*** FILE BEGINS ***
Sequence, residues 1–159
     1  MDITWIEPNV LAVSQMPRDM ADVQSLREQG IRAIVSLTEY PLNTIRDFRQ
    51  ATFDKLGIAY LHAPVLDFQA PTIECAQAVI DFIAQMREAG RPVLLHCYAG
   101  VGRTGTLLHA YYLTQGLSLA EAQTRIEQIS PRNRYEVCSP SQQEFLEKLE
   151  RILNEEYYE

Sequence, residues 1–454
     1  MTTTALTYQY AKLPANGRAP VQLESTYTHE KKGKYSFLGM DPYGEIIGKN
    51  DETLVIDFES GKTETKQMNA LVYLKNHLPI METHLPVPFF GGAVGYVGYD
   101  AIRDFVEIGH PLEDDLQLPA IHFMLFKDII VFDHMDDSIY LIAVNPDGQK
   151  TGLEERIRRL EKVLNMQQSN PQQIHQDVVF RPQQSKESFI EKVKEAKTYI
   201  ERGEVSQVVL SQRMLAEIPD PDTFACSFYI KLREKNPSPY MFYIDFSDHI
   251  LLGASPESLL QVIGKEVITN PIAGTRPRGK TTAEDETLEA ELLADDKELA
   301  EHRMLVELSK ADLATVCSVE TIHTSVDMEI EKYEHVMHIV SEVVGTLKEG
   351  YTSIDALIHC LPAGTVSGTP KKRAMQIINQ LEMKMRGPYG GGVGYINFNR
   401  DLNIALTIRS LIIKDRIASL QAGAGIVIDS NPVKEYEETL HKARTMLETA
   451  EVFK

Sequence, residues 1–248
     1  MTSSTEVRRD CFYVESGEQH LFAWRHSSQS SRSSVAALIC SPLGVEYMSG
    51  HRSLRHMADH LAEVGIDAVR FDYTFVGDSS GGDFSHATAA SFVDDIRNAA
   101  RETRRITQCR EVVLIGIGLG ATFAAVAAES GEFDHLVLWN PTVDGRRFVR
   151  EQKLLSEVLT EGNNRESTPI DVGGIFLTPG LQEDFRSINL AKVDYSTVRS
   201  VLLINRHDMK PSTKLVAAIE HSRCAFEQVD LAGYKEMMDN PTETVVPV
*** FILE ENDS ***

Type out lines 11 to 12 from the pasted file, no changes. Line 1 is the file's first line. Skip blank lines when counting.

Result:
   201  ERGEVSQVVL SQRMLAEIPD PDTFACSFYI KLREKNPSPY MFYIDFSDHI
   251  LLGASPESLL QVIGKEVITN PIAGTRPRGK TTAEDETLEA ELLADDKELA